Miami Conservancy District
The Miami Conservancy District was formed after Ohio's 1913 floods
to develop a flood prevention system for cities along the Great Miami River.
In 1916 Col. Edward Deeds, one of the original board members, built and donated
a permanent headquarters in Dayton. The two-story building has been occupied
by the Miami Conservancy District ever since. After nearly 90 years, the electrical,
plumbing, and mechanical systems were beyond their useful lives. In addition,
many of the employees had poorly designed work stations with inadequate lighting.
And, although improvements had been added over the years, little effort had
been made to keep them in the style of the original building. Before deciding
to renovate, the board studied the cost of a new building, the cost of buying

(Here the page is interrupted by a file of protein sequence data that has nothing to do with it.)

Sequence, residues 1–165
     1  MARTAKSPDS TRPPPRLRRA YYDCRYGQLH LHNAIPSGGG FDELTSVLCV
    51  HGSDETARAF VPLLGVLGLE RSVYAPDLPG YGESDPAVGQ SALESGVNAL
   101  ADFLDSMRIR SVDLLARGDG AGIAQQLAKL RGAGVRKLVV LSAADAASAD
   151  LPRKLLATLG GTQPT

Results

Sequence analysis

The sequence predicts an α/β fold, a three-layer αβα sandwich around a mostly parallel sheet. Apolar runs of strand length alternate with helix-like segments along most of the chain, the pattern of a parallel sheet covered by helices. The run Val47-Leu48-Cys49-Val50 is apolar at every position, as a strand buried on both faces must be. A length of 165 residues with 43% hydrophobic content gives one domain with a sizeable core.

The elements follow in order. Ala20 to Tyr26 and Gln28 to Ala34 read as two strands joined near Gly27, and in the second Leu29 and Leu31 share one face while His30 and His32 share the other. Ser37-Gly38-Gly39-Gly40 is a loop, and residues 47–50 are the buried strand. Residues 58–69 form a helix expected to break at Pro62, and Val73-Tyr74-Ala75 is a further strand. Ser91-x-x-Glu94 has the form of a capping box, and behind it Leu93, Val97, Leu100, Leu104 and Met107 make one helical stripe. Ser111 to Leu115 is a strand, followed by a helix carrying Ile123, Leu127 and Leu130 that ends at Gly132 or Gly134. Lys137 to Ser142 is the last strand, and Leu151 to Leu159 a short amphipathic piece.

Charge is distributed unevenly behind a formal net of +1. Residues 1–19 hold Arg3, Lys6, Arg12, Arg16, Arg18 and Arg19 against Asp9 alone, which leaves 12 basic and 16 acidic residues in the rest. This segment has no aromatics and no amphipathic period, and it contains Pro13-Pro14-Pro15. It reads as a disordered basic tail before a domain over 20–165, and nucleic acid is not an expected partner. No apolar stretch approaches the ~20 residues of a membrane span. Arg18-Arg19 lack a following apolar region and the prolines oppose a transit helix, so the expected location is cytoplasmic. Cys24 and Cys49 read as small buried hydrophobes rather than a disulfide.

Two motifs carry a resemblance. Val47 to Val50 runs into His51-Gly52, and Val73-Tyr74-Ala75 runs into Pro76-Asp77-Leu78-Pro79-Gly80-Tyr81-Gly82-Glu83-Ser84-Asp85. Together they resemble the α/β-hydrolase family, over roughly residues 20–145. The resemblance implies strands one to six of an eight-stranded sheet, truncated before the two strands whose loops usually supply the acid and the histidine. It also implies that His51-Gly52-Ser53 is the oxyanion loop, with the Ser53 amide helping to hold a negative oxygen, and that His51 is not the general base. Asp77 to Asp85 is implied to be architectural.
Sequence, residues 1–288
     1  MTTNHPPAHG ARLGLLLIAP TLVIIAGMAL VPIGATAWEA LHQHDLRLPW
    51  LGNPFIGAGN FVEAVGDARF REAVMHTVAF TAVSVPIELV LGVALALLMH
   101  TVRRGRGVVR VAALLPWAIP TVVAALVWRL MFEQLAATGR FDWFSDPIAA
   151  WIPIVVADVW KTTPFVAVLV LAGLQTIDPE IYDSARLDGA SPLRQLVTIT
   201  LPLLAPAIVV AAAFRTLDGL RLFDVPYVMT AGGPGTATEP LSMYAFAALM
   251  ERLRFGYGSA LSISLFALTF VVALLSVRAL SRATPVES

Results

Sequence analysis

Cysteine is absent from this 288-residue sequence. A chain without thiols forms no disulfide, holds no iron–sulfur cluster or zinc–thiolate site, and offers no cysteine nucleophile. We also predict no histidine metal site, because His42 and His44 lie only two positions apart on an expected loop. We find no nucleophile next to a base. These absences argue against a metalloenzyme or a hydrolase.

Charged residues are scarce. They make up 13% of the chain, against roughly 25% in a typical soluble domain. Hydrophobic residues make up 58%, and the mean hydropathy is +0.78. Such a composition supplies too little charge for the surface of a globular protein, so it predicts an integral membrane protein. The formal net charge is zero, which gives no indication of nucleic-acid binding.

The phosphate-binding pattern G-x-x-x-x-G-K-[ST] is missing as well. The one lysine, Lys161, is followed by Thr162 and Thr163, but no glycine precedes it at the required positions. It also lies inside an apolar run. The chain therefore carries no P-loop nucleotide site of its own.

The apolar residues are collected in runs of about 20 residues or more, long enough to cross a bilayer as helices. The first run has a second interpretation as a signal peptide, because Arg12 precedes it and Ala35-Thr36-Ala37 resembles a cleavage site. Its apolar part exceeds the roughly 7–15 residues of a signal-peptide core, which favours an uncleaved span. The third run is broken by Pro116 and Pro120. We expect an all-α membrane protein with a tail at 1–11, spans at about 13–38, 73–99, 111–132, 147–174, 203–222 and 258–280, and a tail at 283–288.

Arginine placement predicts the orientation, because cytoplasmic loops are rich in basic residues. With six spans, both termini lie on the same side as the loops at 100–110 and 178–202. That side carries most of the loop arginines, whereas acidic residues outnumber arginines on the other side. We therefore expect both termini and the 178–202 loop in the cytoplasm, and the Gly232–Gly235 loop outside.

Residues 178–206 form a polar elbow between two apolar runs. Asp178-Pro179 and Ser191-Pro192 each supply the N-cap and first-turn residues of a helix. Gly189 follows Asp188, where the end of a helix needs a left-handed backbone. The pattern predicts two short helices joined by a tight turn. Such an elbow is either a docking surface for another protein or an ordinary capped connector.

an existing one in better condition, and the cost of renovating the 1916 headquarters.
After weighing the cost, as well as the issue of leaving a building that is
part of the Conservancys heritage, the board chose to renovate it. Working
with Levin Porter Associates of Dayton, they created a comfortable, functional,
and contemporary open-office work environment that encourages collaboration
and interaction; replaced the aging electrical, plumbing, and mechanical systems;
removed later partitions and restored the plaster ceiling on the first floor;
cleaned and repaired the stone facade using the gentlest methods and products
available; and restored and rewired the original outdoor lighting fixtures.
Completed in 2004, the renovation preserves Col. Deeds' gift while bringing
the Miami Conservancy District headquarters into the 21st century.